Light machine guns were originally developed to support infantry squads, by providing short bursts of suppressive fire, designed to keep the enemy's heads down and allow friendly soldiers to advance. The first light machine guns were developed around World War I. Early machine gun examples include the Browning BAR M1918, Lewis gun, Madsen machine gun etc. In present day military forces, many infantry units carry one LMG per fire team or squad.
Browning Automatic Rifle (BAR) M1918, designed during World War I. Click on the image to enlarge. Public domain image.
A Lewis gun. Click on the image to enlarge. Public domain image.
The word "light" is a bit of a misnomer, because most LMGs are heavier than the assault rifles that the rest of the team carries. However, they are lighter than the other classes of machine guns that we are going to study in the following posts.
Light machine guns are generally designed to use the same ammunition as the rifles carried by the rest of the unit. This feature allows the different soldiers to share ammunition during a battle. For instance, the Browning M1918 uses .30-06 ammunition, the same as the M1903 rifle carried by US soldiers in World War I, the M249 SAW uses the same 5.56x45 mm. ammunition used by M16 rifles etc. Since LMGs are designed for automatic fire, many feature high capacity magazines, such as drum magazines, pan magazines or ammunition belts. However, some models of LMGs are designed to use the same box magazines as the assault rifles carried by the rest of the unit, so that they can share both magazines and ammunition between themselves. Some newer LMGs are designed to use multiple methods of feeding ammunition. For instance, the FN Minimi, the M249 SAW, IMI Negev and the Heckler & Koch MG 43 (now known as the MG4) are designed to use both ammunition belts, as well as box magazines. This allows the machine gunner maximum flexibility in using ammunition and magazines during a battle.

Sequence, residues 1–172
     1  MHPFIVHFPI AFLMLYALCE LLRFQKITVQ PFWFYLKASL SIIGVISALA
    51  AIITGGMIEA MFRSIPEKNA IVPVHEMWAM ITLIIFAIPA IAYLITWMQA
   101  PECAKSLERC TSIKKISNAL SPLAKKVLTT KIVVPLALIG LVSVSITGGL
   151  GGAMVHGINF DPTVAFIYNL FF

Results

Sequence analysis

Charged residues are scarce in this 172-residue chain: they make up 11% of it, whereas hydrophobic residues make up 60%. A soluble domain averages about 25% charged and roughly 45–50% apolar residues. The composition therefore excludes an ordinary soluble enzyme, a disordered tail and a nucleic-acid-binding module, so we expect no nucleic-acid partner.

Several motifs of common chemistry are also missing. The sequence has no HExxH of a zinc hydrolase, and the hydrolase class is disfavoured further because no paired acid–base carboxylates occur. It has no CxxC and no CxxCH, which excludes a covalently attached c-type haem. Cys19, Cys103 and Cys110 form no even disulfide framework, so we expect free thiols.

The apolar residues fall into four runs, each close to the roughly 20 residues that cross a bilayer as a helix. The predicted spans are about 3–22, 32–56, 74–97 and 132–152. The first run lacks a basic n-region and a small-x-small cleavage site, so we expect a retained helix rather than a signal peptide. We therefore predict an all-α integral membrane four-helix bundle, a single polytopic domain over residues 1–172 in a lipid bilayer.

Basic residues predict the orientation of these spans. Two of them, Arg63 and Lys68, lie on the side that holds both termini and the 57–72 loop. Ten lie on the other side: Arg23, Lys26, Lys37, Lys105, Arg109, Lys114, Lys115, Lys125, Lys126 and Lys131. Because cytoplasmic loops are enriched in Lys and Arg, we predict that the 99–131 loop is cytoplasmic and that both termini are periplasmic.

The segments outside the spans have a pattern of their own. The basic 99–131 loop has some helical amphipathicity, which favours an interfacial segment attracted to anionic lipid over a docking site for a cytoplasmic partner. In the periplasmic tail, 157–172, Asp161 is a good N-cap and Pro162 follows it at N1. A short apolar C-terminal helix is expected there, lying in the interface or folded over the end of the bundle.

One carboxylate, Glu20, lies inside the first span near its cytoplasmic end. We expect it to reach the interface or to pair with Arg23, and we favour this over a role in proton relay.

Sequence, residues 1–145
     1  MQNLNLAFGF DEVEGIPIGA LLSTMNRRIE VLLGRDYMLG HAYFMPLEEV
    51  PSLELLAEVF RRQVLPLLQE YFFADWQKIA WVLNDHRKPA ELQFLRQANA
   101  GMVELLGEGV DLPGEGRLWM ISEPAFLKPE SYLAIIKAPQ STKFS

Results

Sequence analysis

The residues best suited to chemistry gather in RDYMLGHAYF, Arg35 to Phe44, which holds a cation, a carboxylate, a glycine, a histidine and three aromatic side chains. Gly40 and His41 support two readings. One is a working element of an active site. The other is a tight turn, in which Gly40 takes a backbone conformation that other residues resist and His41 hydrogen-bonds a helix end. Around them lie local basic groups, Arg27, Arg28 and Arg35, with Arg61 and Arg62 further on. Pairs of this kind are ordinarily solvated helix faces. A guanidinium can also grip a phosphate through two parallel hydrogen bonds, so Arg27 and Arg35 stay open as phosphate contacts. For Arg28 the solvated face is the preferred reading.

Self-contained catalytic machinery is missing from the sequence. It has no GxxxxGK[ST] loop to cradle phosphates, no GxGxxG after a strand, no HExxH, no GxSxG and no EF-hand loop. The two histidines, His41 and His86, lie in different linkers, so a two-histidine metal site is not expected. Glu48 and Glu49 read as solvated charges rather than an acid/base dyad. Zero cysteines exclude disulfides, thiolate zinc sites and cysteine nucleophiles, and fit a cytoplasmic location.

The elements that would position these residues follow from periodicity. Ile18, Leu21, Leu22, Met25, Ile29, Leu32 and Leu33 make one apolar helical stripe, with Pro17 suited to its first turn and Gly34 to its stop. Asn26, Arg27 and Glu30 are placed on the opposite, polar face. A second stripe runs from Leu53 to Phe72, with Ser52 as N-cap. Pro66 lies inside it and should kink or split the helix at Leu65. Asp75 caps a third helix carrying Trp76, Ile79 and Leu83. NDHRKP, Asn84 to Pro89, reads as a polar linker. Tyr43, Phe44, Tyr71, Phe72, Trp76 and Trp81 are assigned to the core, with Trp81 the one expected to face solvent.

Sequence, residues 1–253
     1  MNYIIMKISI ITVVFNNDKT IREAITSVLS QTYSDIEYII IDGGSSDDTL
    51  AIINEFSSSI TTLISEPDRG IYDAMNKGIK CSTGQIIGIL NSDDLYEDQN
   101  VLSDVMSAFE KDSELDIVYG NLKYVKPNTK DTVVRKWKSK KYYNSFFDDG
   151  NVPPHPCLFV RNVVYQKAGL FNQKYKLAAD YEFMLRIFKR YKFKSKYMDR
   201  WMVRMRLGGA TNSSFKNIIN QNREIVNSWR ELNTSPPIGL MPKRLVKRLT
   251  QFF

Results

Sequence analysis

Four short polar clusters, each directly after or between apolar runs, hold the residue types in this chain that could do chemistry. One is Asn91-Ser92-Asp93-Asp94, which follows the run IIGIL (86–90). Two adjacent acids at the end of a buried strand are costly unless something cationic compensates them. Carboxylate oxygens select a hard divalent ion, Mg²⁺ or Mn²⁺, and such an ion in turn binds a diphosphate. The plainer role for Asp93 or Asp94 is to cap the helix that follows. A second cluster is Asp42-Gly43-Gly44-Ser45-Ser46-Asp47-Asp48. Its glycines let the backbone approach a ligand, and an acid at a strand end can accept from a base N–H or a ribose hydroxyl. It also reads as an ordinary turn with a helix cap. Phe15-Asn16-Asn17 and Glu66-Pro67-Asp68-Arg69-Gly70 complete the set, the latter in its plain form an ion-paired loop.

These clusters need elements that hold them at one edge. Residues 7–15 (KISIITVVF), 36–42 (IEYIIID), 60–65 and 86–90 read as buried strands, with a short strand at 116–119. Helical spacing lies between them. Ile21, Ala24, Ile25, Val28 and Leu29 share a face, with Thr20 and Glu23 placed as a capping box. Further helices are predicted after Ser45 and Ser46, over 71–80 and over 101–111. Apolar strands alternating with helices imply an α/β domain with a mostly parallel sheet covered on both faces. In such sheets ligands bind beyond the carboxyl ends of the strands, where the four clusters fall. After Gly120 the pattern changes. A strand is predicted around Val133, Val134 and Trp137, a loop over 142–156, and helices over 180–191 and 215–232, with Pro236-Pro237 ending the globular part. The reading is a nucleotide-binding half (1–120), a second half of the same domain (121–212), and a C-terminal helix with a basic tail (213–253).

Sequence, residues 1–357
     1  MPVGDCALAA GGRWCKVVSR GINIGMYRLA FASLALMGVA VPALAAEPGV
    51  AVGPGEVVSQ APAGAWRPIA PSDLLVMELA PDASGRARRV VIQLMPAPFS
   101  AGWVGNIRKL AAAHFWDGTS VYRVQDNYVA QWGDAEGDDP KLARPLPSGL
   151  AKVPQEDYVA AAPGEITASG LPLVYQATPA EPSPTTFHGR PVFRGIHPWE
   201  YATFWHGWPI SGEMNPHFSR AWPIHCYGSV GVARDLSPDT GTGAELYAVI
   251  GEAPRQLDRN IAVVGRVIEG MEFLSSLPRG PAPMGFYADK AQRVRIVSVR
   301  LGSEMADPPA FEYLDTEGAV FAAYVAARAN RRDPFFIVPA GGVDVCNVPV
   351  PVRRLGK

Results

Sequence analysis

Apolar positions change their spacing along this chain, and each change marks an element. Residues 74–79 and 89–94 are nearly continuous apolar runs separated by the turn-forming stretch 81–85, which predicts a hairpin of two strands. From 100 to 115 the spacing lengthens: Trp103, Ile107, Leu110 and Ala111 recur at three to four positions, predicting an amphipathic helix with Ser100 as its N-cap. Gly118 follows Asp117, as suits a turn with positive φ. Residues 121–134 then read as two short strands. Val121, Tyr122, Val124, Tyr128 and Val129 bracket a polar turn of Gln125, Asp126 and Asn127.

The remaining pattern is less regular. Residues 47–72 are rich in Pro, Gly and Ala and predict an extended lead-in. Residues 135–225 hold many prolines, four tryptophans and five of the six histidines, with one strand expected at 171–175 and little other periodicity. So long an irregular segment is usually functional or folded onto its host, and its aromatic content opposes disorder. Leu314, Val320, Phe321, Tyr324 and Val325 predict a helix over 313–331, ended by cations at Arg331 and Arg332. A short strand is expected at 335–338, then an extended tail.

A M249 equipped with an ammunition belt. Click on the image to enlarge. Public domain image.
While the LMG is light enough to be carried by a single soldier and fired from the hip, it is generally fired from the prone position. Because of this, many LMGs have a bipod attached to the front of the barrel, to allow the user to comfortably operate the weapon from the prone position.
In recent times, many LMGs are modifications of an existing assault rifle design. Examples of these include: RPK (Russian LMG design based on the AK-47), Steyr AUG LMG (Austrian rifle based on the Steyr AUG rifle family), INSAS LMG (Indian rifle based on the INSAS rifle family) etc. However, the LMG versions are generally designed with longer and heavier barrels, to sustain automatic fire for longer periods of time without overheating. Some models (such as the Steyr AUG LMG) have quick change barrels to solve the overheating problem. The parts of the action are also designed to be more robust than the assault rifle versions, in order to shoot in full automatic mode for longer periods of time.
An INSAS Light Machine Gun. Click on the image to enlarge.
A Bren gun. Public domain image.
The above image shows a Bren gun Mark I. Note the curved box magazine mounted on top of the rifle and the carrying handle in the middle of the gun, which also doubles as a tool to remove a hot barrel. Later models came with heavier chrome-lined barrels, which reduced the need to interchange barrels. The Bren gun was first adopted in 1938 by the British, produced by various commonwealth countries (UK, Australia, Canada, India) over the years and is still being manufactured currently in India!
The Madsen machine gun also has a long history, being originally manufactured by Denmark in 1902 and still going strong in the hands of Brazilian military police, well into the 21st century! It just goes to show that good designs can last a really long time.,
In our next post, we will study another class of machine guns: the heavy machine gun.